We define an opinion as a truth-value assignment to arguments featured in a complex debate. Example arguments in case of the Veggie-debate are:
1. <Reduce harmful fats>: Animal fats are unhealthy. Therefore one should reduce the consumption of animal products as much as possible. 2. <Meat dishes are cultural heritage>: Completely abandoning meat and/or animal products would put an end to a centuries-old, cultural tra- dition – the art of cooking. 3. <Organic only for rich people>: Many people cannot afford organic products, especially animal products from sustainable agriculture. Organic foods are on- ly for rich people.
A person can give their opinion by either agreeing to, rejecting or being indifferent towards each of the arguments. For instance, someone could agree to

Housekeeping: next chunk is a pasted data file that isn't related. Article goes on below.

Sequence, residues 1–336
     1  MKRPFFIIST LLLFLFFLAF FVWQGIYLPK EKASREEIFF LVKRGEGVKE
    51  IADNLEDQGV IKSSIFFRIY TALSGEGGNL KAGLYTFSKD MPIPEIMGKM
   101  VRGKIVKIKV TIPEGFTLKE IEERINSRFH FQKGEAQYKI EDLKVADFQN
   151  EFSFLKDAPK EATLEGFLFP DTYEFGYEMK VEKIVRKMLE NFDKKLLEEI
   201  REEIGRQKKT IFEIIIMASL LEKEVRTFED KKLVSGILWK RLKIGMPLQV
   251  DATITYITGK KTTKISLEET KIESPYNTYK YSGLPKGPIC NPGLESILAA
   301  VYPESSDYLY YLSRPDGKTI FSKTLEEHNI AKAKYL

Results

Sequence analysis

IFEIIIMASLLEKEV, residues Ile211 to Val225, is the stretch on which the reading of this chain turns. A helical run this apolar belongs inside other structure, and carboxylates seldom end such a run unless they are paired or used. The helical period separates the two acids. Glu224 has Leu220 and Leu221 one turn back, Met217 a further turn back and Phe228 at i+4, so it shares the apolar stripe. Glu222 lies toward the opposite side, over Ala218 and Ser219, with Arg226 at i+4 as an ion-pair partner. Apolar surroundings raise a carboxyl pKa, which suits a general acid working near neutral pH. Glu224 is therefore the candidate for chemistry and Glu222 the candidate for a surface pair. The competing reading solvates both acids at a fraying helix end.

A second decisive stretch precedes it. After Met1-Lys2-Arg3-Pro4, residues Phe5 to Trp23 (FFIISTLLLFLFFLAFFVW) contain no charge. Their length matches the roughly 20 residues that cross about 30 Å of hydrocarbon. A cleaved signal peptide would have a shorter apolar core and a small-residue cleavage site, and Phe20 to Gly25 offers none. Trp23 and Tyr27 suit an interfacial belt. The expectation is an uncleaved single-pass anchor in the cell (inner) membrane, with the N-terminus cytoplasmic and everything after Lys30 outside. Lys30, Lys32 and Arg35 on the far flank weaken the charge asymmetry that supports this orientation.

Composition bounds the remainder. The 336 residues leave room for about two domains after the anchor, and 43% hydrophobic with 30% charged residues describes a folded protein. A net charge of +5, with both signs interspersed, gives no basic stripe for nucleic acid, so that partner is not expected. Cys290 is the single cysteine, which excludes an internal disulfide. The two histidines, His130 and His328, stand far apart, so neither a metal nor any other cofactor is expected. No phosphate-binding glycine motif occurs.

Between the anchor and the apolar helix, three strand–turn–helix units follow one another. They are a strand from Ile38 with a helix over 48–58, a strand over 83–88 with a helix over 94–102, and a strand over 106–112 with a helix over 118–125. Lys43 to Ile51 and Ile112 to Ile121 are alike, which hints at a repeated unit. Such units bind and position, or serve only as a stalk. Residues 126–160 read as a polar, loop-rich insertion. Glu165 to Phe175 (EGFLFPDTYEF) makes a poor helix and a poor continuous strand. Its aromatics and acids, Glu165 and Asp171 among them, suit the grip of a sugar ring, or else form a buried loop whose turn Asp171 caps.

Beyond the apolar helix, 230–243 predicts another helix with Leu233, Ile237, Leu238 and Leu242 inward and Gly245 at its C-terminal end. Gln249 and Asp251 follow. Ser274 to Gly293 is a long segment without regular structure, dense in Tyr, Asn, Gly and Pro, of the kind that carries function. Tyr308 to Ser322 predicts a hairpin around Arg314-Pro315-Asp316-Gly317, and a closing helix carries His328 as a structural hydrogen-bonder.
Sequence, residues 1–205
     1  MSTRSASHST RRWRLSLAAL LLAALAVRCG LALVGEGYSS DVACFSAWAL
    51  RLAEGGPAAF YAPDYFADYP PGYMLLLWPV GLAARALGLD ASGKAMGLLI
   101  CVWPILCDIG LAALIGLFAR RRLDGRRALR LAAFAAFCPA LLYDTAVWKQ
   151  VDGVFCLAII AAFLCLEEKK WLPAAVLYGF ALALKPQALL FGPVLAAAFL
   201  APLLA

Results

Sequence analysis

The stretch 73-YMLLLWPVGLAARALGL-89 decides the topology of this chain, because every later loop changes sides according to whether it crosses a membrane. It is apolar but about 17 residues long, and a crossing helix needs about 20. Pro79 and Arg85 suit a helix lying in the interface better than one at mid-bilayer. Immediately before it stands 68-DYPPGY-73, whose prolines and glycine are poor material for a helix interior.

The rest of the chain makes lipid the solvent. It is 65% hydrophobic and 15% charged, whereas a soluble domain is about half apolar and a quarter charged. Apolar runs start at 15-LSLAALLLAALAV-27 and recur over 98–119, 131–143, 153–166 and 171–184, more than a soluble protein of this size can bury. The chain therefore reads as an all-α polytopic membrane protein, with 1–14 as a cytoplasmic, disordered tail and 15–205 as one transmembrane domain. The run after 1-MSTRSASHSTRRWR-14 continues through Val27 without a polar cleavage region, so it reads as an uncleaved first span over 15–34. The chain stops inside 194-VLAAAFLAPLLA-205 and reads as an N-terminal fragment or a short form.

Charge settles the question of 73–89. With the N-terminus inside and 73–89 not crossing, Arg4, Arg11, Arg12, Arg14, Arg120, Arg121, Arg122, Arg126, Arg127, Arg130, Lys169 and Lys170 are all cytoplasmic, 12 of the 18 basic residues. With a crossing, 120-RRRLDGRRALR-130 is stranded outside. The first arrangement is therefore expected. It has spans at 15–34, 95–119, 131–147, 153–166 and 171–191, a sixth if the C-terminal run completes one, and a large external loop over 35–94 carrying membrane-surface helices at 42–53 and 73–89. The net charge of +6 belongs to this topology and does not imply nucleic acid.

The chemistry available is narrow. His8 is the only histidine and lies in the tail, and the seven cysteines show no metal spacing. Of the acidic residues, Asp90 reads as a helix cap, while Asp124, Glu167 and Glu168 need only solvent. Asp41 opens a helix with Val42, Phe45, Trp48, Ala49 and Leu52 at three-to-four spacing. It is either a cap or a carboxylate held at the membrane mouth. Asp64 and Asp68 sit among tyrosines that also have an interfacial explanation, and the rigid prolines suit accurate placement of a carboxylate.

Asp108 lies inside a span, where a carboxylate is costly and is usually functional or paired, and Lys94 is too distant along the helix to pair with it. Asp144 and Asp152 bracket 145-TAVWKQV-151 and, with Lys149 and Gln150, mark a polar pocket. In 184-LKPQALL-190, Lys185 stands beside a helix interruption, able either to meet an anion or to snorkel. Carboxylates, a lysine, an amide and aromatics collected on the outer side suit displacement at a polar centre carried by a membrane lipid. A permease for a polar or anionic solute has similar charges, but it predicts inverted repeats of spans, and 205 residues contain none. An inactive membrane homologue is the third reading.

the first argument, reject the second argument and be indifferent towards the third argument. This opinion can be formalized as a set like this:
A large opinion sample can be gained with the help of an online survey. The survey we constructed from the Veggie-debate can be taken here.
In our survey design, we first elicit the participant’s core opinion by offering a selection of five options:
On the next page, arguments that are logically consistent with the selected option are presented and the participant can indicate for each if (s)he agrees, rejects or is indifferent/has no information about the statement. The last option is the catch-all case where the full set of statements is presented. In case of some of the options, it is possible to give logically inconsistent opinions (for example if a participant agrees that meat consumption should be reduced as much as possible but disagrees that the consumption of animal products should be restricted.) These are not considered on the map.
Creating an opinion graph from the opinion sample}